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Oil rose for the first time in four days in New York as U.S. crude inventories were forecast to drop, a storm headed for the Gulf of Mexico and a fire halted output at Venezuela’s biggest refinery.
U.S. crude stockpiles probably fell by 2 million barrels last week, or 0.6 percent, according to a Bloomberg News survey before an Energy Department report tomorrow. Tropical Storm Isaac was near hurricane strength as it headed for the Gulf coast, according to the National Hurricane Center. Processing units at Venezuela’s 645,000 barrel-a-day Amuay plant remain halted after a gas explosion on Aug. 25 that killed 48 people. Oil also increased before a U.S. Federal Reserve symposium in Jackson Hole, Wyoming, on Aug. 31.
“Crude trade will remain jittery this week as storm- related disruptions and refinery and storage tank fires in Venezuela keep investors on edge,” said Andrey Kryuchenkov, an analyst at VTB Capital in London. “On top of that we have expectations of action from central bankers.”
Oil for October delivery advanced as much as $1.07, or 1.1 percent, to $96.54 a barrel and was at $96.25 in electronic trading on the New York Mercantile Exchange at 1:29 p.m. London time. The contract fell 68 cents, or 0.7 percent, to $95.47 yesterday, the lowest close since Aug. 15. Prices are 2.3 percent lower this year.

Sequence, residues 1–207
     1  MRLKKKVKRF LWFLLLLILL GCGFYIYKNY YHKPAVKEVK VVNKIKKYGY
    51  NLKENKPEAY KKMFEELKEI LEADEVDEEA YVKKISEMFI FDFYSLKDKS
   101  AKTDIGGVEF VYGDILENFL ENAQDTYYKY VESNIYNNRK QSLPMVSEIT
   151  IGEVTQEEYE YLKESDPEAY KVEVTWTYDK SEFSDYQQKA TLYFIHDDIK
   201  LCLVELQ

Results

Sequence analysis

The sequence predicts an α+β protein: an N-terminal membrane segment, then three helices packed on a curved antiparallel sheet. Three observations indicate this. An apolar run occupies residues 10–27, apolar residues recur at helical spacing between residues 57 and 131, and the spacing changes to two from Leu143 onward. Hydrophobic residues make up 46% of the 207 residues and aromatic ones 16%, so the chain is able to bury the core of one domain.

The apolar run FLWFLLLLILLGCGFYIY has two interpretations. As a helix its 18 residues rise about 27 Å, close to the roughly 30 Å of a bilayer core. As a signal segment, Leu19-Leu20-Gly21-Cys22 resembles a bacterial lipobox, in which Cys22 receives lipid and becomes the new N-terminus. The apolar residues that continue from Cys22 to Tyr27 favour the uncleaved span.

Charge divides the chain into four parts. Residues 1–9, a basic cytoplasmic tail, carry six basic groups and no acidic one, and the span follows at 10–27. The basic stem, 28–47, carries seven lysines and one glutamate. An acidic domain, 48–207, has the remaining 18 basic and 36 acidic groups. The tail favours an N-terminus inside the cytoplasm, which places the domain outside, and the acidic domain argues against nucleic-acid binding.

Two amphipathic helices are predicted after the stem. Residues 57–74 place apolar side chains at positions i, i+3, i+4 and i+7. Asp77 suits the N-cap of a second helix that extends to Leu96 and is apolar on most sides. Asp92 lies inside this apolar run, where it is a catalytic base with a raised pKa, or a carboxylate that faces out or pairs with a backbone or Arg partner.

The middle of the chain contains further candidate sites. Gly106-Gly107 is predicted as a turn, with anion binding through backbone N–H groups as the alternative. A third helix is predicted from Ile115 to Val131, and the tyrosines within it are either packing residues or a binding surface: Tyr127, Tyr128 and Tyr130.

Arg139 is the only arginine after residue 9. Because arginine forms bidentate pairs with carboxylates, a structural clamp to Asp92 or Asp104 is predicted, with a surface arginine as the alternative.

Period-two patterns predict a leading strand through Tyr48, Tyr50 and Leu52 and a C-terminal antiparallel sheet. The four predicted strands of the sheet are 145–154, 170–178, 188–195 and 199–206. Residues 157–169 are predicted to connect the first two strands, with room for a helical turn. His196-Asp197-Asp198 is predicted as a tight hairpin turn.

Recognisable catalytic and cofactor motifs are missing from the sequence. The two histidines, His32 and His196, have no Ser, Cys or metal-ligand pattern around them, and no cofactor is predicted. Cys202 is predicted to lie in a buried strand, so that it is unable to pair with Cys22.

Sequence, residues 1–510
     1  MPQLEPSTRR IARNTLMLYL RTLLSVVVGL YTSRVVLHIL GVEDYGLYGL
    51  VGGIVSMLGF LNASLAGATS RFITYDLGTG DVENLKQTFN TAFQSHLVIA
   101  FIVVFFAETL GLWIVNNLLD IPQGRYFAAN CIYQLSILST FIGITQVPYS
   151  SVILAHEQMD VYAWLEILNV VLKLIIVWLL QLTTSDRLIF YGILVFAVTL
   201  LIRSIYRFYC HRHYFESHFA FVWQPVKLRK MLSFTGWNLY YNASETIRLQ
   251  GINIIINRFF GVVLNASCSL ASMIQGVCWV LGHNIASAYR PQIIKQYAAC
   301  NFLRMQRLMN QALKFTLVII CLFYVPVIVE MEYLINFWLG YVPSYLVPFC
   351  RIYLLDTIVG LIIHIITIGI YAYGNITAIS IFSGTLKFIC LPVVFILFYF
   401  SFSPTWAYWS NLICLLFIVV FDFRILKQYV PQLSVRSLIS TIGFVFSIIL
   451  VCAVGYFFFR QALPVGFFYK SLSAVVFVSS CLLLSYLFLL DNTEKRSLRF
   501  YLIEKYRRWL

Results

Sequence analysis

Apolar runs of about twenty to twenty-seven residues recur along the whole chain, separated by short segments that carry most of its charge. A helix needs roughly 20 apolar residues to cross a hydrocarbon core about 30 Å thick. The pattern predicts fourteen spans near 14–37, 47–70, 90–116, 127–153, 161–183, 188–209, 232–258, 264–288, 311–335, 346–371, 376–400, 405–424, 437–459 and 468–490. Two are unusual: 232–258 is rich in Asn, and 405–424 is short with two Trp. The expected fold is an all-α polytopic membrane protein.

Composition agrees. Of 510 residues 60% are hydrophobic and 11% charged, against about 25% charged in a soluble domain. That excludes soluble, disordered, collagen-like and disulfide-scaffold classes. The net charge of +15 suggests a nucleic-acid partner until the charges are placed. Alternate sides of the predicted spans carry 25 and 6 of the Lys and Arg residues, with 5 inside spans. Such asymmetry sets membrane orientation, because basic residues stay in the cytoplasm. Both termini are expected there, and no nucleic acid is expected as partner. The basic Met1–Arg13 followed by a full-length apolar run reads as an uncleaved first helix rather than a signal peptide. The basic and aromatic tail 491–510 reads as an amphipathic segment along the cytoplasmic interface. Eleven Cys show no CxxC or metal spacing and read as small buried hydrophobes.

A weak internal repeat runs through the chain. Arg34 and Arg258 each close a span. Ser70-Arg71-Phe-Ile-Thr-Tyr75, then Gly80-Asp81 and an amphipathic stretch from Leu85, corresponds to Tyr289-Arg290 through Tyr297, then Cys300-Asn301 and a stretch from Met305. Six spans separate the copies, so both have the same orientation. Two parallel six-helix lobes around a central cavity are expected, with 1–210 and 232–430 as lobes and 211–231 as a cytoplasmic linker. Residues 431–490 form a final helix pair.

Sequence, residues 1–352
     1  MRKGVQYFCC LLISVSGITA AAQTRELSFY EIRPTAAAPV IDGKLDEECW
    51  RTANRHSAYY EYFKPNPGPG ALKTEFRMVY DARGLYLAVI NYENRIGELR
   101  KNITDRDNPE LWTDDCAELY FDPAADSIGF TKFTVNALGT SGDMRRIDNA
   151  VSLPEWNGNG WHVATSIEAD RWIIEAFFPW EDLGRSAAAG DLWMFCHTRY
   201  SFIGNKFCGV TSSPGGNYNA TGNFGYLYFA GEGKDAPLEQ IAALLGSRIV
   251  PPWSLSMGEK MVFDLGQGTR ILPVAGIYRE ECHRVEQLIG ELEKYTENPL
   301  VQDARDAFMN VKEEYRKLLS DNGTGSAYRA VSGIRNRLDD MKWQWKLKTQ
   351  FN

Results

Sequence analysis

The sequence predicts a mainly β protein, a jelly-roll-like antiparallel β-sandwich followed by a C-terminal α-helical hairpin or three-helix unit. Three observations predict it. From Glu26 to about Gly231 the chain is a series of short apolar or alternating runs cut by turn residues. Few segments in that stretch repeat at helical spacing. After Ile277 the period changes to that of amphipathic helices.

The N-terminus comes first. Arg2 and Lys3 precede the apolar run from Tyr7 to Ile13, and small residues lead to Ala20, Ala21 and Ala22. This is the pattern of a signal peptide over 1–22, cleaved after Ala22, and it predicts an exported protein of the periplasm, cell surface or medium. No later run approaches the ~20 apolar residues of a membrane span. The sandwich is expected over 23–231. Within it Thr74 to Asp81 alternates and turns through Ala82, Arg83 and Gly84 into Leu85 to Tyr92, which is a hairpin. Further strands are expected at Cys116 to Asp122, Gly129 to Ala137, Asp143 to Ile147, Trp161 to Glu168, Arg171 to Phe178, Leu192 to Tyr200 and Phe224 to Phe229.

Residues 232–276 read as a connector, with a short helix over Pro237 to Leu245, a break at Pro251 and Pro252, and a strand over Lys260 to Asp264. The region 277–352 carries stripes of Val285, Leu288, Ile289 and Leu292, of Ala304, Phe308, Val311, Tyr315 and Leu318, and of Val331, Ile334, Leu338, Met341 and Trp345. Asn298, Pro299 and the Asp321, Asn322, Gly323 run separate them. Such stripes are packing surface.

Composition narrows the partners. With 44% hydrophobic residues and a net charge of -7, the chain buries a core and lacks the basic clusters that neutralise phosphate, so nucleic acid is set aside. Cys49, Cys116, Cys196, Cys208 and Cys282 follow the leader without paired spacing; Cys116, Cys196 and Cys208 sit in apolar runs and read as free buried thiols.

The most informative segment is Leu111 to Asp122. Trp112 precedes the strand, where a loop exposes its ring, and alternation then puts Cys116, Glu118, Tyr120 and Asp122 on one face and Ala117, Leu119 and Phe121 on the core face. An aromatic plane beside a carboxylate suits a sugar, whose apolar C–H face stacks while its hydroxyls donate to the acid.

Brent oil for October settlement was at $112.60 a barrel, up 33 cents, on the London-based ICE Futures Europe exchange. The European benchmark grade’s premium to WTI was at $16.38, from $16.79 yesterday.
U.S. crude inventories may fall for a fifth week, the longest run of declines since July 2011, according to the median of 11 analyst estimates before the Energy Department’s report. The decrease would leave inventories at the lowest level since March 23.
Gasoline supplies may have fallen 1.4 million barrels, and distillate stockpiles, a category that includes diesel and heating oil, probably rose 400,000 barrels, the survey showed.
The industry-funded American Petroleum Institute will publish its supply report later today.
Tropical Storm Isaac’s winds held steady at 70 miles (113 kilometers) an hour, 4 mph below hurricane level, as it moved northwest toward landfall late today or early tomorrow in southern Louisiana, the U.S. National Hurricane Center said at 8 a.m. East Coast time.
About 78 percent of oil production and 48 percent of natural gas output from the Gulf of Mexico has been shut in as Isaac approaches, a Bureau of Safety and Environmental Enforcement report showed yesterday.
Petroleos de Venezuela SA said that all of the fires at storage tanks at its Amuay refinery in Falcon state have now been extinguished, according to a message on its Twitter Inc. account. There is no structural damage to the processing units at the facility about 240 miles west of Caracas, which will be restarted within two days of the flames being extinguished, according to Oil Minister Rafael Ramirez.
Venezuela has 4 million barrels of inventories of gasoline and other petroleum products and continues to produce 735,000 barrels of gasoline a day at plants, including nearby Cardon, according to Ramirez.
Federal Reserve Chairman Ben S. Bernanke will speak at the Kansas City Fed’s annual symposium in Jackson Hole on Aug. 31, where he may shed light on the likelihood of a third round of asset purchases. The central bank bought $2.3 trillion of debt since 2008 in two previous rounds of quantitative easing.
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